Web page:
Con*dense" (?), v. t. [imp. & p. p. Condensed (?); p. pr. & vb. n. Condensing.] [L. condensare; con- + densare to make thick or dense, densus thick, dense: cf. F. condenser. See Dense, and cf. Condensate.]

1.

To make more close, compact, or dense; to compress or concentrate into a smaller compass; to consolidate; to abridge; to epitomize.

In what shape they choose, Dilated or condensed, bright or obscure. Milton.

The secret course pursued at Brussels and at Madrid may be condensed into the usual formula, dissimulation, procrastination, and again dissimulation. Motley.

2. Chem. & Physics

To reduce into another and denser form, as by cold or pressure; as, to condense gas into a liquid form, or steam into water.

Condensed milk, milk reduced to the consistence of very thick cream by evaporation (usually with addition of sugar) for preservation and transportation. -- Condensing engine, a steam engine in which the steam is condensed after having exerted its force on the piston.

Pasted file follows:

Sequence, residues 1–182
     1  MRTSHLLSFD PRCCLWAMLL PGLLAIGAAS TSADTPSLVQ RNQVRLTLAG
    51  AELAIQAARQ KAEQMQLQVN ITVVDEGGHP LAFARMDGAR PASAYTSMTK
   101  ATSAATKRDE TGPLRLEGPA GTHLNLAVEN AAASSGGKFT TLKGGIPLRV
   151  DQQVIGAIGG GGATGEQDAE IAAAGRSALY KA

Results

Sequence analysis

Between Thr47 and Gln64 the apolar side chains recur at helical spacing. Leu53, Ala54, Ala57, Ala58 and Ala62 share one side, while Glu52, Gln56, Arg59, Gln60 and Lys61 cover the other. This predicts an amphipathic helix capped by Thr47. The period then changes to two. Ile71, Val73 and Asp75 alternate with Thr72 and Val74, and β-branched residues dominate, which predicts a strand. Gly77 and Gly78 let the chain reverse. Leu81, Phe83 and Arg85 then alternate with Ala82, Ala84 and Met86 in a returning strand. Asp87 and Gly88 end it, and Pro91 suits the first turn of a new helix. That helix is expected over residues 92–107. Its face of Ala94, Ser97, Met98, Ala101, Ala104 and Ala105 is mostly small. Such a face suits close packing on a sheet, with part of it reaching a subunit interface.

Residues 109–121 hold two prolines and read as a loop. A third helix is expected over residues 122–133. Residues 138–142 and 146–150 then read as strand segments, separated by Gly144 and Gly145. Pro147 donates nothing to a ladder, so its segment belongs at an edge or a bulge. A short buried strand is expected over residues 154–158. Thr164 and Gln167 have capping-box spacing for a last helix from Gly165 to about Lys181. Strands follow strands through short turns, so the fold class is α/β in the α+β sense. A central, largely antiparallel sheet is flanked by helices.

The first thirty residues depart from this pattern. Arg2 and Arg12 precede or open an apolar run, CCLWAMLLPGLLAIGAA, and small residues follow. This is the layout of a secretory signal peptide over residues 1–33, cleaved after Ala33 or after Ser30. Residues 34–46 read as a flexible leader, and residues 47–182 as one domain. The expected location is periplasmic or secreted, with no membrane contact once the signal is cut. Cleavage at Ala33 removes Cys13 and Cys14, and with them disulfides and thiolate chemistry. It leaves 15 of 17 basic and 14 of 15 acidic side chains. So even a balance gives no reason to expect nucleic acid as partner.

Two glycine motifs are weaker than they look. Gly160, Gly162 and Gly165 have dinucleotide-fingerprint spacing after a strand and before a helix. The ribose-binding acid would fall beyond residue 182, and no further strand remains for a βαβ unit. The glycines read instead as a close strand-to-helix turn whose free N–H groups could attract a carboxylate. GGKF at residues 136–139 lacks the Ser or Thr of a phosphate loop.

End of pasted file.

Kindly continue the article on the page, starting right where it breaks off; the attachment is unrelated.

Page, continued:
Syn. -- To compress; contract; crowd; thicken; concentrate; abridge; epitomize; reduce.

 

© Webster 1913.


Con*dense", v. i.

1.

To become more compact; to be reduced into a denser form.

Nitrous acid is gaseous at ordinary temperatures, but condenses into a very volatile liquid at the zero of Fahrenheit. H. Spencer.

2. Chem. (a)

To combine or unite (as two chemical substances) with or without separation of some unimportant side products.

(b)

To undergo polymerization.

 

© Webster 1913.


Con*dense", a. [L. condensus.]

Condensed; compact; dense.

[R.]

The huge condense bodies of planets. Bentley.

 

© Webster 1913.

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